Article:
In Georgia, there aren’t any same-sex wedding venues, but there are places to get wedding rings, there are photographers, musicians, DJs and ministers who cater to same-sex marriages. There are some venues/churches in Georgia that don’t allow same-sex marriages, so when looking for an appropriate place to have your wedding, make sure that you let the person on the other end of the phone or email that you are a same-sex couple.

The Current Status Of Georgia Gay Marriage

The current status in Georgia for gay marriage isn’t the best. There are still a lot of holes in the same-sex marriage law meaning that - yes same-sex marriage is legal, but it isn’t very accepted. Of course, there is a small percentage of people who are for gay marriage, but there are more people who aren’t comfortable with it. The history behind Georgia makes it understandable to why things are still as bad as they are. We hope the future gets better! Sadly, the current Georgia law doesn’t protect any LGBT employees in any workplace from discrimination. The only place in Georgia that does protect the LGBT community from workplace discrimination. Not only are there no laws against workplace discrimination, but there are no laws in general about sexual-orientation discrimination. If someone is being harassed about their sexual-orientation, there is nothing the police can do about it. There is quite a large population of LGBT people in Georgia, but a lot of people have been either cut-off from their families, or they haven’t told them yet. A lot of people still have trouble coming out to their friends and family in Georgia just because the concept of having feelings for the same gender as you is completely upside down to a lot of people in the south.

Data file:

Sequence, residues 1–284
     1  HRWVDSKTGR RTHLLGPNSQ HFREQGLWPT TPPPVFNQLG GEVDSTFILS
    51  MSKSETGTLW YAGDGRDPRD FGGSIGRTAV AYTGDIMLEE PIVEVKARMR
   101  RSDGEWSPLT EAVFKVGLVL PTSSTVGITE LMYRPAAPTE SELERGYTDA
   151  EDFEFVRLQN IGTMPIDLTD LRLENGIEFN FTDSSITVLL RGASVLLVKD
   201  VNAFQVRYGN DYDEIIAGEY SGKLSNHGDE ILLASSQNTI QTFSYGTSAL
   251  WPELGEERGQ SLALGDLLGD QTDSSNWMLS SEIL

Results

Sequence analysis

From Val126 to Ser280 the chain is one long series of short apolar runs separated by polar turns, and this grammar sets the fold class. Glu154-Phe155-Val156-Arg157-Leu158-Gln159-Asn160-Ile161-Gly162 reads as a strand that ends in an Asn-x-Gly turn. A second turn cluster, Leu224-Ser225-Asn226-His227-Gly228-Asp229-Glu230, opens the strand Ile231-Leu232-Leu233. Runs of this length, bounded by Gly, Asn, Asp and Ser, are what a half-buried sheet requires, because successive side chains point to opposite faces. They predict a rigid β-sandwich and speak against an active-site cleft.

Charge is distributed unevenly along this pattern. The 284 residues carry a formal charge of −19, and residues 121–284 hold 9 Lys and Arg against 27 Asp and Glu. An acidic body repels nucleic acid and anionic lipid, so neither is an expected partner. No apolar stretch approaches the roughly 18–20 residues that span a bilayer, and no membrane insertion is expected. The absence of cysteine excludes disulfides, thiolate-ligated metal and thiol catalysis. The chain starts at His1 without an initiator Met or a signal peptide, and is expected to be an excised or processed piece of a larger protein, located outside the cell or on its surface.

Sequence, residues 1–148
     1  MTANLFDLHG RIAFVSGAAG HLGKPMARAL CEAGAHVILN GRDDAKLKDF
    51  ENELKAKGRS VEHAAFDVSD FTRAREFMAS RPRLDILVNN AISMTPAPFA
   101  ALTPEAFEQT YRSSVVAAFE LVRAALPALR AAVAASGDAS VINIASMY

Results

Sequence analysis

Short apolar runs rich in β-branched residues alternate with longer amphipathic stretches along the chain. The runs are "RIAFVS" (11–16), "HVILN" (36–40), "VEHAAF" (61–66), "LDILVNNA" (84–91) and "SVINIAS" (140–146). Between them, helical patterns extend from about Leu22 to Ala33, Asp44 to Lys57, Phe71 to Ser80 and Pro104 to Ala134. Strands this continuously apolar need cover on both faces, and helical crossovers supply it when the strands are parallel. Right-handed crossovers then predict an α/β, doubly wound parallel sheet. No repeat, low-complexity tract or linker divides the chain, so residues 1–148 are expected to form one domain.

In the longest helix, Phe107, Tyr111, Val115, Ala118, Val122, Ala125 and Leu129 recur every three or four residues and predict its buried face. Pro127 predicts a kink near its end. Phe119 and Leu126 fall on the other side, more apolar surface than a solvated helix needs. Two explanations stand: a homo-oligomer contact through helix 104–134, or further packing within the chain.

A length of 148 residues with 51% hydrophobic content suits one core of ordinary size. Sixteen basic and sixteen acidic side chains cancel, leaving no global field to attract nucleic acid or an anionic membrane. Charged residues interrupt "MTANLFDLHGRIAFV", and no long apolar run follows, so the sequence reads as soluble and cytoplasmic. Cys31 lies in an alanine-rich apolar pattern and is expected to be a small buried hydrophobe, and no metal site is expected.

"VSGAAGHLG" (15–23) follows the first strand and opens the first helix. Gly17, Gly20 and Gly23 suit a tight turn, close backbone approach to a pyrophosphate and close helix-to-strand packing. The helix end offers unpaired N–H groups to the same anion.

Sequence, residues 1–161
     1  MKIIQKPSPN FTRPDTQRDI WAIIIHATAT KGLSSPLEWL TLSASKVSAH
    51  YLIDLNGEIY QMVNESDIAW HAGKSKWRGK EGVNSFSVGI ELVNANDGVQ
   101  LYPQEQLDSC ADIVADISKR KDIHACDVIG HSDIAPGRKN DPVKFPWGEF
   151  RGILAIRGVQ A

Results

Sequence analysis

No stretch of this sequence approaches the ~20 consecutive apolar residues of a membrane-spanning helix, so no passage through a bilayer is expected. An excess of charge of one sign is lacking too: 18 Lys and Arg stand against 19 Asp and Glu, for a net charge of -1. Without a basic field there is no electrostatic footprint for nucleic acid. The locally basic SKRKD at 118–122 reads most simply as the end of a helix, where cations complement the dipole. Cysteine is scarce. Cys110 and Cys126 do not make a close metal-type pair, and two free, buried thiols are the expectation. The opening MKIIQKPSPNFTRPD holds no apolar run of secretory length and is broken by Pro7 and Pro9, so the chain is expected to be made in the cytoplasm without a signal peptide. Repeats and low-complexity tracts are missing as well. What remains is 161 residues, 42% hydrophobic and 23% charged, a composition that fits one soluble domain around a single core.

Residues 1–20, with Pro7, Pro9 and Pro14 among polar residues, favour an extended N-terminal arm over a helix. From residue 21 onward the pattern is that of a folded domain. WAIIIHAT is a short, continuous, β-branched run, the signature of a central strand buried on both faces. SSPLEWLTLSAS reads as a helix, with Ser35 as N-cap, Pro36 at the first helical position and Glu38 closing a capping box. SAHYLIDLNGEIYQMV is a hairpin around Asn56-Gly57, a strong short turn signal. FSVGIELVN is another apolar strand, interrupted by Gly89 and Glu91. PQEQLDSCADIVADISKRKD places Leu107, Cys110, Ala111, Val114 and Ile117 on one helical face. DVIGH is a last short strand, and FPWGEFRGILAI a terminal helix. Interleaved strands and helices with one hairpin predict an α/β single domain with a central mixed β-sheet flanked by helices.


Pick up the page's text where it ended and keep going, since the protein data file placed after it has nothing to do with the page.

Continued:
Lots of the LGBT community have moved to either other parts of the country, or other countries altogether because of the torture they have been put through. Sometimes the gay community believe that no matter how hard they try, people just won’t budge from their points of view. Gay couples dream of moving from their home in Georgia just to feel accepted in their own community. It’s upsetting that everyone doesn’t feel like they can be themselves in their own homes - it’s uncomfortable and unfair.

The Future Status of Georgia Gay Marriage

The future status of same-sex marriage in Georgia has a long way to go until there is more acceptance and understanding. A lot of people who live in Georgia still believe that marriage is between a woman and a man, which makes it hard for things to change. It’s easier to change a law than it is to change a mind. In years and years from now, things will eventually change, but for now things will keep going how they’re going. At least everyone can get married, right? As years go on, everyone will get used to the reality of same-sex marriage and it will become second nature, but sadly, it may be decades from now.

To learn more on same-sex marriage in the United States, click here. Also, if you want to know about gay marriage stats in states like Hawaii, CLICK HERE.

The following links will help on your search to find out more about Georgia Gay Marriage

1.Georgia Same-Sex Weddings

2.Georgia Equality Website

3.City Of Atlanta - LGBT resources